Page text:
The target server computer may then utilize the source identifier data string received as part of the file transfer request word to access a lookup table to determine a decryption key, and then decrypt the encrypted user information received said client computer in the file transfer request word. The lookup table may either be stored locally on the target server computer, or it may be stored remotely on a secondary server computer.

The decrypted user information may comprise sensitive user information such as a credit card number associated with the user of said client computer, thus enabling on online electronic commercial transaction by utilizing the credit card number. The user demographics data may be used by the target server computer to determine the file to transmit to the client computer; i.e. certain files may be targeted to specific users of the system.

The machine-readable symbol may also have encoded therein an executable command to launch a software utility resident on the client computer, and the software utility is then automatically launched after the machine readable symbol is transposed. For example, the software utility may be an Internet browser program or a word processing program. In addition, specific functions may also be encoded in the machine readable symbol along with the application launch command, such as a command to execute a print job of the retrieved computer file.

The symbol data string may optionally be obfuscated prior to being encoded into the machine readable symbol, in which case the input string transposed must likewise be de-obfuscated by the client computer. The obfuscation may be by computing a checksum of the symbol data string, encrypting the symbol data string by utilizing the checksum as an encryption key, and assembling the checksum with the encrypted symbol data string prior to encoding into the machine readable symbol. The de-obfuscation would then be accomplished by parsing the input data string to determine the checksum, decrypting the encrypted symbol data string with the checksum as a decryption key, computing a checksum of the decrypted symbol data string, and comparing the computed checksum with the checksum from said input data string. A valid data condition would be indicated when the comparison step is successful; and an invalid data condition would be indicated when the comparison step is unsuccessful.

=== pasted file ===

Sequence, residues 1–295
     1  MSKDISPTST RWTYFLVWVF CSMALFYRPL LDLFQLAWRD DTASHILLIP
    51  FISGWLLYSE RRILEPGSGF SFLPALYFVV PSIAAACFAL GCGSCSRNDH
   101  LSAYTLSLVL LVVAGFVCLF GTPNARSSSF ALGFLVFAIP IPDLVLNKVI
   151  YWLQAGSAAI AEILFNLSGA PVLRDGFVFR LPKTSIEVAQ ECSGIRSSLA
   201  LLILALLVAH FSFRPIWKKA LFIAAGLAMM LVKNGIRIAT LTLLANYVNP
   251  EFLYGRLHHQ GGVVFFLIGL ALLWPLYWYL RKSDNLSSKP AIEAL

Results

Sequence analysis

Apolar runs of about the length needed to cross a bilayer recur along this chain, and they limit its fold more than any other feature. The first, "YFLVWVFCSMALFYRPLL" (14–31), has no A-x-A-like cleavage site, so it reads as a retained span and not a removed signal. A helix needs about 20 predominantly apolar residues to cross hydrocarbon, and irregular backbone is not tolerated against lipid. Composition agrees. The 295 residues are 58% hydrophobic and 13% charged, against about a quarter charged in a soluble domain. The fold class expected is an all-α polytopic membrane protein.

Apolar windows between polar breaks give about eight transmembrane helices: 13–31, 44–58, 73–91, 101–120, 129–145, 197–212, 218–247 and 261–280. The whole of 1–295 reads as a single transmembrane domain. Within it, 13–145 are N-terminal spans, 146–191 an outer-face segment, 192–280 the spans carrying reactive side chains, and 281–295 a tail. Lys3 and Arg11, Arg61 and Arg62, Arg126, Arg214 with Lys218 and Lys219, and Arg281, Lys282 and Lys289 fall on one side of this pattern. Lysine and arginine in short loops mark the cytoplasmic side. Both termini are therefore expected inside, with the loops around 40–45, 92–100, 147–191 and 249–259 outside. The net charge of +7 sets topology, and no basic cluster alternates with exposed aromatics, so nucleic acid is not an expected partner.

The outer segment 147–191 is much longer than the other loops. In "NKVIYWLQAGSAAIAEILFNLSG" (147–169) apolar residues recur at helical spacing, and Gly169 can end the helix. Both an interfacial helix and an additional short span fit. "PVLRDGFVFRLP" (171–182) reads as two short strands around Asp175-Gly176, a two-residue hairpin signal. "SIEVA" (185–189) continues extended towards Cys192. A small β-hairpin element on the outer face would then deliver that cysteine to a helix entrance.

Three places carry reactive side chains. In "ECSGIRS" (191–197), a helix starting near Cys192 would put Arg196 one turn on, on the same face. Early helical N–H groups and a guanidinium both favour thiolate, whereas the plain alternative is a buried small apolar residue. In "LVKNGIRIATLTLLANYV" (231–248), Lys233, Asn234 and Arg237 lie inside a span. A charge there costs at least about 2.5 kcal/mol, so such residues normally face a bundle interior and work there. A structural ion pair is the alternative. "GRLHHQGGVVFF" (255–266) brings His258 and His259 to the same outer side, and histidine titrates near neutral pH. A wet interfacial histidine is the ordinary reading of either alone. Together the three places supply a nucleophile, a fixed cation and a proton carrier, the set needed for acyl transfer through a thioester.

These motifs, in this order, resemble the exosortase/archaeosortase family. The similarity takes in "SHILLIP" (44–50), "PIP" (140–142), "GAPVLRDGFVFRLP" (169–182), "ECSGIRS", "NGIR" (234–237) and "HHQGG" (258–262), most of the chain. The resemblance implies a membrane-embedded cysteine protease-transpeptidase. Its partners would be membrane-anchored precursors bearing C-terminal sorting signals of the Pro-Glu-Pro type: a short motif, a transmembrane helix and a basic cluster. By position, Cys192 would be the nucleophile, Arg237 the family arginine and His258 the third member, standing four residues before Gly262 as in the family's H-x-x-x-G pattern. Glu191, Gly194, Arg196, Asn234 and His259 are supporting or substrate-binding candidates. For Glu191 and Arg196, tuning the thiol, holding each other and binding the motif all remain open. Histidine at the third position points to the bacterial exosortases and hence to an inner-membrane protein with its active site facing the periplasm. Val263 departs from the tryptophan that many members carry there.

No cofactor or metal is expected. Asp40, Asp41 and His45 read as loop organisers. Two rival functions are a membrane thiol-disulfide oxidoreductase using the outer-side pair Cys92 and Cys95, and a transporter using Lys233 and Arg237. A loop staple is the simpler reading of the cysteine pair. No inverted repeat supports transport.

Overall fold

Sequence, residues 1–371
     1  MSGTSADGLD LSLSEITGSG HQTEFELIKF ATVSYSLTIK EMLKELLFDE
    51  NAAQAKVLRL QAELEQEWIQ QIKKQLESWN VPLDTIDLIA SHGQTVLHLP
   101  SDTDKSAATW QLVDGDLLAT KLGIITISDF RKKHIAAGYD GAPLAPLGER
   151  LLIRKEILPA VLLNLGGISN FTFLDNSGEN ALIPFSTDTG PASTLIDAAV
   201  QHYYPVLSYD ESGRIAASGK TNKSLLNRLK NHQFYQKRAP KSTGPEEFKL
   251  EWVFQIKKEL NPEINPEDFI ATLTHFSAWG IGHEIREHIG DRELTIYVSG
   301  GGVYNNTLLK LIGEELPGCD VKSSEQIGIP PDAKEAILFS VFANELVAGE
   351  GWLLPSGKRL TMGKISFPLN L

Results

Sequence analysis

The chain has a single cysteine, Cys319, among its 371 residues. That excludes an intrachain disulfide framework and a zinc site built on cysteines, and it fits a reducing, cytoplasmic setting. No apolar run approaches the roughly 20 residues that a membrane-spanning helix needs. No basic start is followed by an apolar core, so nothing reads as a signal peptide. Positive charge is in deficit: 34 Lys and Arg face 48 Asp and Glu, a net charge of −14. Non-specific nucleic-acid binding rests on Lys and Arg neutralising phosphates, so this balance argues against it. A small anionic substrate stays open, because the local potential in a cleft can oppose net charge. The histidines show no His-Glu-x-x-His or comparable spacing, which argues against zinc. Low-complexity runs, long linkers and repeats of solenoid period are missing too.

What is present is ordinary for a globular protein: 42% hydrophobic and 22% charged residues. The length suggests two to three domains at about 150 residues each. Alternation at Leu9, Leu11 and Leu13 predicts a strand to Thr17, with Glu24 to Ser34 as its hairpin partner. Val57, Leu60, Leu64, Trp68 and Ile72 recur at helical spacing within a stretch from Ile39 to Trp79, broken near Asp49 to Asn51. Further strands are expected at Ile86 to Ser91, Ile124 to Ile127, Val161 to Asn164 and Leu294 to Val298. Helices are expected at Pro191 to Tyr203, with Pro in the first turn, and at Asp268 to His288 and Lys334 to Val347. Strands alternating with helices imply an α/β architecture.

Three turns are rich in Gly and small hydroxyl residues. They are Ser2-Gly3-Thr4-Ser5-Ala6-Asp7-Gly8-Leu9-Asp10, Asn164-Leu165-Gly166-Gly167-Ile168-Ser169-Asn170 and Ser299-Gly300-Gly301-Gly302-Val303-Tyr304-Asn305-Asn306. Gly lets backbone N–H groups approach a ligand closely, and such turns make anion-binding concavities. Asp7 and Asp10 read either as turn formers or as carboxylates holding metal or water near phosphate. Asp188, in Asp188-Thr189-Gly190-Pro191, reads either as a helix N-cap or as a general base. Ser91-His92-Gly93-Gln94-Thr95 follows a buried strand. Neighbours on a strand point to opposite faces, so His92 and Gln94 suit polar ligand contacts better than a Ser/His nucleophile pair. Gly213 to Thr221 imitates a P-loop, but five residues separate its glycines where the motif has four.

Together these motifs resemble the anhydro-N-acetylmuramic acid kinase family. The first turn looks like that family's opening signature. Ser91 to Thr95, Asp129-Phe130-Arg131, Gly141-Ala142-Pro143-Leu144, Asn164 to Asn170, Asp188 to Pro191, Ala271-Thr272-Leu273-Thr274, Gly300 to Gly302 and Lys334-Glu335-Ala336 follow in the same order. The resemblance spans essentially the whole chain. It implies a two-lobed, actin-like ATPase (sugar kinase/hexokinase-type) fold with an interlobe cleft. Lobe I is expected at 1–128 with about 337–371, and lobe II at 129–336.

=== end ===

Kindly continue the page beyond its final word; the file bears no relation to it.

BRIEF DESCRIPTION OF THE DRAWING

FIG. 1 is a diagram of the system of the present invention.

FIG. 2 is a diagram of the document generation function of FIG. 1.

FIG. 3 is a diagram of the client computer functions of FIG. 1.

FIG. 4 is a diagram of the deobfuscating function carried out by the client computer of FIG. 3.

FIG. 5 is a diagram of the target server computer of FIG. 1.

FIG. 6 is a top level flowchart of the method of the present invention.

FIG. 7 is a flowchart of the document generation of the present invention.

FIGS. 8 and 9 are a flowchart of the scanning and processing by the client computer of the present invention; and

FIG. 10 is a flowchart of method used by the target server computer of the present invention.

DETAILED DESCRIPTION OF THE PREFERRED EMBODIMENT

The system 100 of the present invention for generating and reading an intelligent document 10 is illustrated in block diagram form in FIG. 1. The system 100 comprises an intelligent document generation system 14, which encodes, assembles and prints an intelligent document 10 for subsequent scanning at a client computer.

The system operates as follows: A vendor who wishes to provide an intelligent document 10 programs certain parameters into a data string 20 which will be encoded within a machine-readable code 12 and printed on the document along with text 16 or graphics 18. The document may be an advertisement in the form of a magazine insert or page, a brochure, a label for an envelope, a memorandum, and the like.

Parameters to be included within the machine-readable code depend upon the application desired by the vendor. FIG. 2 illustrates fields 1-6 of the symbol data string 20, which may comprise a file location pointer 21, a launch command 22, a user demographics field 23, a source identifier 24, an encryption key 25, and/or a code type field 26. For example, if the vendor wants the end-user to be able to access the vendor's Web site automatically upon scanning the symbol 12, then the parameters included in the machine-readable symbol may include the launch command 22 to launch an Internet browser application, such as NETSCAPE, and a Uniform Resource Location (URL) code into the file location pointer 21, such as http://www.xyzcorp.com. This information is encoded in accordance with the particular type of machine code being used. For example, one type of code which may be used by the present invention is a PDF417 symbol, which is described in detail in U.S. Pat. No. 5,304,786, which is incorporated by reference herein. The PDF417 symbol, known as a two-dimensional bar code symbol, has enough storage information to encode the browser launch command as well as the full URL.

A printer 30 then utilizes the encoded data and desired text and graphics to print an intelligent document 10 a shown in the Figures. The symbol data string 20 may also be obfuscated for security purposes, which will be described in detail below.

The intelligent document 10 is disseminated to the end user in accordance with the methods desired by the vendor. For example, if the intelligent document 10 is a magazine advertisement, then the user will obtain the magazine by conventional means such as purchase at a retail outlet, the mail, etc.